Sara Gideon Generously Working To Help Susan Collins Retire From Senate
By just about every measure, Susan Collins's campaign to win a fifth term in the US Senate is in trouble. Her polls are just terrible, including the most recent one, released Thursday by Colby College, which has Collins's Democratic opponent, Maine House Speaker Sara Gideon, ahead by five points (44 percent to 39 percent). Ridiculous amounts of money are going into the race, with far more going to Gideon (and here we make our traditional lonesome cry for public financing, please). All in all, things aren't looking great for Collins, the very last New England Republican in Congress.
That's an endangered political species Democrats don't mind driving into extinction. No Greenpeace sit-ins for Susan Collins, sorry not sorry.
In the Before Times, Collins was one of those Republican "moderates" who generally didn't make big waves, except when she'd occasionally piss off her own party by voting with Democrats on culture war issues like abortion, guns, and LGBTQ rights. But once Donald Trump took over the Republican Party, Collins's "centrism" became mostly a work of bad performance art: She'd express very deep "concerns" about a Trump policy, then vote for it.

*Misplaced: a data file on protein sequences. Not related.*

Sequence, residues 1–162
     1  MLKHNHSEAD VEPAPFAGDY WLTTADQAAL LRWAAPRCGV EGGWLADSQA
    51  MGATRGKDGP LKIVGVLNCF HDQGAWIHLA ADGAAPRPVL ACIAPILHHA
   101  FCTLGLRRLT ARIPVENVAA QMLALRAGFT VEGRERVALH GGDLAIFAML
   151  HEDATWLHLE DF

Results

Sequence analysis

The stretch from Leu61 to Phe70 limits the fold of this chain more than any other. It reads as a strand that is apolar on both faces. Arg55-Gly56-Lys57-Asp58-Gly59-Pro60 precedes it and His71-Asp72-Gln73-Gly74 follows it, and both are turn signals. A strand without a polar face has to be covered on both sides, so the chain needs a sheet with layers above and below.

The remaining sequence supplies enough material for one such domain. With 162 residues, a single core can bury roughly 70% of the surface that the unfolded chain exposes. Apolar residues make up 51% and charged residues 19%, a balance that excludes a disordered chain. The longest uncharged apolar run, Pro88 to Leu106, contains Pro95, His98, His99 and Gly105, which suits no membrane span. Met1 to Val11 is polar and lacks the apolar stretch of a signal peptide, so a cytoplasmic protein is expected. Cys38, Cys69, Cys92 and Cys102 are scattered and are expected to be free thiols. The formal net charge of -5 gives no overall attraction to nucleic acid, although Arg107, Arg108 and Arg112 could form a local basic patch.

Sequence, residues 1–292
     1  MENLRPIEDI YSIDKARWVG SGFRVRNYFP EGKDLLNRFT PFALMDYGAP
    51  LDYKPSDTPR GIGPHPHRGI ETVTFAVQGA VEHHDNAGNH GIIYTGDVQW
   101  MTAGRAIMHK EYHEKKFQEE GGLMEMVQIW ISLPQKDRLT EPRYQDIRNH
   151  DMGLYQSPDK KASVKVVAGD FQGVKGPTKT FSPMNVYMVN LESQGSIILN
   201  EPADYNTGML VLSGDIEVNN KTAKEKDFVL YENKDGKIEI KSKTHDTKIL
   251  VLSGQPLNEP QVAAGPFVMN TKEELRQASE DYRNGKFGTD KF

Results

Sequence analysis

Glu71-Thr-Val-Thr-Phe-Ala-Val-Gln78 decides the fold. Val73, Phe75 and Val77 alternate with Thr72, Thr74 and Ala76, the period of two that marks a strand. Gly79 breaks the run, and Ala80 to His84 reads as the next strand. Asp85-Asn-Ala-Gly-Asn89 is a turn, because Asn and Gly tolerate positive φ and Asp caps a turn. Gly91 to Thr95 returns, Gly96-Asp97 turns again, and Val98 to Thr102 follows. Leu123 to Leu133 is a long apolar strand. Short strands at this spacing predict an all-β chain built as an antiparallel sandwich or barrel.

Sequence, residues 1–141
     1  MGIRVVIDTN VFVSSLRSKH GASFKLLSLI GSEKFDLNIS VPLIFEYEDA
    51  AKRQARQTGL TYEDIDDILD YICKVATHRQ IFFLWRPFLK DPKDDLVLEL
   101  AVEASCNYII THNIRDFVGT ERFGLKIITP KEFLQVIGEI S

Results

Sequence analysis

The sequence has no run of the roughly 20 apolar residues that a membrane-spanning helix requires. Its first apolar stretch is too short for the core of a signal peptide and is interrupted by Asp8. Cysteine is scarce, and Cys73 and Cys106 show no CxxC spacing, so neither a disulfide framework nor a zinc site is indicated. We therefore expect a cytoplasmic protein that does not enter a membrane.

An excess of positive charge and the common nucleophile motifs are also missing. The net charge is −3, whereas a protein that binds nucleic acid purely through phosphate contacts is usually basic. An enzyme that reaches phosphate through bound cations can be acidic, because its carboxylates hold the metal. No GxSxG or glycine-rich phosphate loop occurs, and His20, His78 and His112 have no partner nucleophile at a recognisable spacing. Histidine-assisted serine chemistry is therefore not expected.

The one time she actually cast a significant vote against Trump's agenda (and thank Crom she did!) was when Collins, Lisa Murkowski, and John McCain blocked the "skinny" repeal of the Affordable Care Act in 2017. Trump mostly blamed McCain for that loss, but it was the last time Collins ever substantially opposed Trump. Maybe she was afraid of a Trump-backed primary challenge, maybe she's just completely spineless, or maybe there's really no such thing as a "moderate" Republican anyway. Why not all three?